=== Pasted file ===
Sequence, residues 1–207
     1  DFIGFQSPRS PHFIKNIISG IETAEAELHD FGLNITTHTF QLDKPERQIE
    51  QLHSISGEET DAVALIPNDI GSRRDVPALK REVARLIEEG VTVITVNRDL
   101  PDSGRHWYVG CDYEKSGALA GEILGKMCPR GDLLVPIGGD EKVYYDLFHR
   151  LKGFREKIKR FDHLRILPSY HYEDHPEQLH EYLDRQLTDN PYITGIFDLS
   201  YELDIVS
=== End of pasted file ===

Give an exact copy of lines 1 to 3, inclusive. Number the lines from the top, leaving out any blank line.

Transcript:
Sequence, residues 1–207
     1  DFIGFQSPRS PHFIKNIISG IETAEAELHD FGLNITTHTF QLDKPERQIE
    51  QLHSISGEET DAVALIPNDI GSRRDVPALK REVARLIEEG VTVITVNRDL